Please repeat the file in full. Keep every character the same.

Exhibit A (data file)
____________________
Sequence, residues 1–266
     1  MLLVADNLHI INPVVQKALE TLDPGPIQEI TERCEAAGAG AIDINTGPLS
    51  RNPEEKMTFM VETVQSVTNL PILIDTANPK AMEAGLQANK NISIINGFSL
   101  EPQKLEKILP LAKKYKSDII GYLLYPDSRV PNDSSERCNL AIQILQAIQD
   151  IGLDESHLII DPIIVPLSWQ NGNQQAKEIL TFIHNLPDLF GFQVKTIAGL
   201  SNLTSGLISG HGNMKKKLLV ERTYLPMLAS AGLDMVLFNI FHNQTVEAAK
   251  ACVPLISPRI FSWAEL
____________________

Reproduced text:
Sequence, residues 1–266
     1  MLLVADNLHI INPVVQKALE TLDPGPIQEI TERCEAAGAG AIDINTGPLS
    51  RNPEEKMTFM VETVQSVTNL PILIDTANPK AMEAGLQANK NISIINGFSL
   101  EPQKLEKILP LAKKYKSDII GYLLYPDSRV PNDSSERCNL AIQILQAIQD
   151  IGLDESHLII DPIIVPLSWQ NGNQQAKEIL TFIHNLPDLF GFQVKTIAGL
   201  SNLTSGLISG HGNMKKKLLV ERTYLPMLAS AGLDMVLFNI FHNQTVEAAK
   251  ACVPLISPRI FSWAEL